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Issue Brief
June 2018

How Medicaid Protects Children with Special Health Care Needs

Half of U.S. children with special health care needs, nearly 7 million children, rely on Medicaid/ Children’s Health Insurance Program (CHIP) for health insurance to cover some or all of their medical care. Medicaid and CHIP cover 48 percent of children with special health care needs. CHIP, which covers low- to moderate-income children above the Medicaid income limit, is administered by states sometimes as a separate program, but often through state Medicaid programs.

As this issue brief explains, while Medicaid is a major source of health care insurance for all children in the United States, covering 40 percent of children, it is particularly vital for children with special health care needs. 

There are many reasons why—and each of these is discussed in greater detail in the brief:

  • Compared to private insurance, Medicaid offers more comprehensive coverage for the types of services and supplies these children need. In fact, the services and supplies many of these children need are not generally covered by private insurance at all, or coverage is very limited.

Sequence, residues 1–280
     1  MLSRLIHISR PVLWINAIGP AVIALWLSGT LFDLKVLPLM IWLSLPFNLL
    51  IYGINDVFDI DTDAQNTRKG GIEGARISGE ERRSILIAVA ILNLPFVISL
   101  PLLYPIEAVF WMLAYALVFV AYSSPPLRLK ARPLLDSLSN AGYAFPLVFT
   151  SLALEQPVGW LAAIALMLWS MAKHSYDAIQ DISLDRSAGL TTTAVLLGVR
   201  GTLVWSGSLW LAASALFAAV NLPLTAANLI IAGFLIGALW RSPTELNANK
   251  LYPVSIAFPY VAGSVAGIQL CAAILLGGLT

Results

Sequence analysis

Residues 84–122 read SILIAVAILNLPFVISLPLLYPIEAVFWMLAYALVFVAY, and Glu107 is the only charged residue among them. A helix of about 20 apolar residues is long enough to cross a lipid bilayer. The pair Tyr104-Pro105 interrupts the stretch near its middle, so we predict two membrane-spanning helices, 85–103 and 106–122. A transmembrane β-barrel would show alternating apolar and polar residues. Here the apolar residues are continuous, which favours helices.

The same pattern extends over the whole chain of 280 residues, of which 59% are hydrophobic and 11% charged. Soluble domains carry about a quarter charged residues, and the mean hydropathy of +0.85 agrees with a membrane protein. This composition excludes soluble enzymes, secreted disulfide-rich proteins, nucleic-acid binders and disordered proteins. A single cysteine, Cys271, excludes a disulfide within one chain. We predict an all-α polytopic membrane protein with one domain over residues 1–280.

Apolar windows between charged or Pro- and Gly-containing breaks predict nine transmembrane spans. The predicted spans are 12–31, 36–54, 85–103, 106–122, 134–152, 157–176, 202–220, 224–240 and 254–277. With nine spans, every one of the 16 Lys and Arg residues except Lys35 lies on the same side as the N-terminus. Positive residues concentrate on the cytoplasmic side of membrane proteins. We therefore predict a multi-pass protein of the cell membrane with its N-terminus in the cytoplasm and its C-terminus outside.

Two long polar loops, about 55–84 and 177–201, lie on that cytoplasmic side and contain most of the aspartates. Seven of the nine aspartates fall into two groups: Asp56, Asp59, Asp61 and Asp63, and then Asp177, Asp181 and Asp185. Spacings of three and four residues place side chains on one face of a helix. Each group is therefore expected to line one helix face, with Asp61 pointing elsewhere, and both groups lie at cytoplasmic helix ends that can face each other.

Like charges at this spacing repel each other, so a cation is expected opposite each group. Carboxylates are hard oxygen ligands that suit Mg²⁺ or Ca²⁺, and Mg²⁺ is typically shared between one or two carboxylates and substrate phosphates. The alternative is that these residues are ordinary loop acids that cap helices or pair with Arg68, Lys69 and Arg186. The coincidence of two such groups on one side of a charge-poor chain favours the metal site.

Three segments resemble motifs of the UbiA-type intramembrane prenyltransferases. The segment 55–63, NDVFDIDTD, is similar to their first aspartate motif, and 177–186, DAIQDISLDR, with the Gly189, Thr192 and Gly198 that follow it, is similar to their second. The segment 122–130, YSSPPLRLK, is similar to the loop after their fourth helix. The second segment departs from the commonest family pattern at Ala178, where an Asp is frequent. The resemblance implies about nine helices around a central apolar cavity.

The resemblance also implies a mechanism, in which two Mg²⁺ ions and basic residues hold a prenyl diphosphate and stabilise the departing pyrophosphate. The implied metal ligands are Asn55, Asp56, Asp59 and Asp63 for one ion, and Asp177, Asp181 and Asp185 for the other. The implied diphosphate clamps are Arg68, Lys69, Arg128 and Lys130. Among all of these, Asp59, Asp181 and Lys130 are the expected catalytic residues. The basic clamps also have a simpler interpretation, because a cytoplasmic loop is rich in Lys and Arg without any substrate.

• Medicaid makes ongoing medical care more affordable, especially for families with children who have ongoing or lifelong medical needs. By law, Medicaid cost sharing, deductibles, and premiums are low. That’s critical, given the high cost of caring for a child with special health care needs, which would bankrupt many families in the absence of Medicaid.
  • The comprehensive range of services that Medicaid offers includes services and supports that can help parents or other caregivers to continue working. Medicaid ensures a path for families to maintain income stability and avoid medical bankruptcy, risks that they might otherwise face as they care for a sick or disabled child. In that way, Medicaid supports entire families.  

Both state Medicaid cuts and federal efforts to restructure or cut program spending inherently impact the health of these children, as well as their, and their families’, financial well-being.